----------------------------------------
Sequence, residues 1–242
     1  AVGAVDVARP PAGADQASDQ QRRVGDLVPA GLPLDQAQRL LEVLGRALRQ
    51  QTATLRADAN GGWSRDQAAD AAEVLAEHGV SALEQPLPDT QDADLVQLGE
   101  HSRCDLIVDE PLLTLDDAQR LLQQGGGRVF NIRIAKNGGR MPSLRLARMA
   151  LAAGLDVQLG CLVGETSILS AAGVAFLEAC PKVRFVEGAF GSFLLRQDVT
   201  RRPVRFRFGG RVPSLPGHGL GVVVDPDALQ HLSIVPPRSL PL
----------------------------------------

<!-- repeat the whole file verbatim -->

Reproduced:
Sequence, residues 1–242
     1  AVGAVDVARP PAGADQASDQ QRRVGDLVPA GLPLDQAQRL LEVLGRALRQ
    51  QTATLRADAN GGWSRDQAAD AAEVLAEHGV SALEQPLPDT QDADLVQLGE
   101  HSRCDLIVDE PLLTLDDAQR LLQQGGGRVF NIRIAKNGGR MPSLRLARMA
   151  LAAGLDVQLG CLVGETSILS AAGVAFLEAC PKVRFVEGAF GSFLLRQDVT
   201  RRPVRFRFGG RVPSLPGHGL GVVVDPDALQ HLSIVPPRSL PL